By Marsha McCulloch, M.S., R.D., Environmental Nutrition Newsletter
Unlike the static human skeletons that commonly hang in biology classrooms, your bones are continually being broken down and rebuilt. In fact, your entire skeleton is replaced about every 10 years. In addition to exercise, about 20 different nutrients help prevent the weakening of bones that leads to osteoporosis. We review nutrients you’re more than likely falling short on and where to get them.
Calcium has the strongest research evidence of any nutrient for its role in supporting healthy bones, according to a 2016 position paper from the National Osteoporosis Foundation.
Requirement for adults: 1,000-1,300 mg (milligrams)
Sources: Dairy foods, fortified foods (such as orange juice, tofu and soy milk), fish with edible bones (sardines, canned salmon), bok choy and kale.
Vitamin D helps you absorb calcium from food and supplements. Without vitamin D, less than 10 percent of the calcium you consume is absorbed.
Requirement for adults: 600-800 International Units. However, a 2014 analysis by Canadian experts and a March 2015 analysis by U.S. experts, both published in Nutrients, report that the Institute of Medicine made a significant statistical error in calculating vitamin D needs, making current recommendations too low. Ask your doctor to test your vitamin D blood level; it should be at least 32 ng/mL to support bone health.
Sources: Fortified dairy foods, egg yolks, salmon and tuna. To assess how much vitamin D you’re getting from sun exposure daily, use the dminder smartphone app (dminder.ontometrics.com), which vitamin D expert Michael F. Holick, Ph.D., M.D. helped develop.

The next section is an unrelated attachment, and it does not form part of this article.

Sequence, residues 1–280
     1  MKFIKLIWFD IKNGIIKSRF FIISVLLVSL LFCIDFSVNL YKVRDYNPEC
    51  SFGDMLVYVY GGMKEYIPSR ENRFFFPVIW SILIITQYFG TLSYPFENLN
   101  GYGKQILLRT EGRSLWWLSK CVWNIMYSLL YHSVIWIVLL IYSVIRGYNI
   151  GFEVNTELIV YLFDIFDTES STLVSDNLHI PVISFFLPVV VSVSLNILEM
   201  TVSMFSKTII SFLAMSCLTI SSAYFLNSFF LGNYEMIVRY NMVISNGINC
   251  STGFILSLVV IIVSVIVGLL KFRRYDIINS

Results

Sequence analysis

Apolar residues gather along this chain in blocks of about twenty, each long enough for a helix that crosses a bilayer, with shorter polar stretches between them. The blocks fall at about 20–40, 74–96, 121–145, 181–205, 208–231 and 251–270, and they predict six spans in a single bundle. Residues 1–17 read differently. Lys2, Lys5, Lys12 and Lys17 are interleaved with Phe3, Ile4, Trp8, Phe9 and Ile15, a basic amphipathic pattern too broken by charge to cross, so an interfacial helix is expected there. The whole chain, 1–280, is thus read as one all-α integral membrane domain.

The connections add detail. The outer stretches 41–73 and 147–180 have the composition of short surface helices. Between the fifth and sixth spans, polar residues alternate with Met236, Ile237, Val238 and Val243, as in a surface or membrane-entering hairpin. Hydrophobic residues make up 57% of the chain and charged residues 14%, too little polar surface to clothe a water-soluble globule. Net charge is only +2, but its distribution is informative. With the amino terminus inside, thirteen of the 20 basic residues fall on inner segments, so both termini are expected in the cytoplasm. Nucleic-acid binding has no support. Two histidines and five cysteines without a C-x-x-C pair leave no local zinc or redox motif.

Magnesium is a component of bone, giving it resiliency and protection against fractures; it also is essential for converting vitamin D to its active form in the body. If you take a calcium and vitamin D supplement, take magnesium, too, because high calcium intake causes magnesium loss, and most Americans don’t consume enough magnesium.
Requirement for adults: 310-420 mg
Sources: Nuts, seeds, leafy green vegetables, whole grains and legumes.
Vitamin K is found in two main forms in food, K1 and K2, and your body may convert limited amounts of vitamin K1 to K2. Both forms play a role in blood clotting (and work against the anti-clot drug warfarin), but vitamin K2 also helps prevent calcium from depositing in arteries (the process of atherosclerosis) and instead directs calcium to bones and helps bind the mineral to your skeleton.
Requirement for adults: 75-120 mcg (micrograms)
Sources: K1 is found in dark, leafy green vegetables such as kale and spinach; K2 is in natto (fermented soybeans), cheese, grass-fed meat and liver.
Vitamin B12 & Folate
Vitamin B12 and folate support bone health by helping to keep levels of homocysteine, a compound that stimulates the breakdown of bone, low. This role is further confirmed by genetic studies that reveal a link between an increased risk of osteoporosis in older adults and a common gene mutation (MTHFR C677T) that can lead to high homocysteine levels.
Requirement for adults: For folate, 400-600 mcg. For B12, 2.4 -2.8 mcg. (Your doctor may advise higher amounts if you have elevated homocysteine.)
Sources: B12 is in meat, fish and other animal foods, as well as in fortified foods, including cereals and nutritional yeast. Folate is in leafy green vegetables, broccoli, asparagus and legumes.
(Reprinted with permission from Environmental Nutrition, a monthly publication of Belvoir Media Group, LLC. 800-829-5384. www.EnvironmentalNutrition.com.)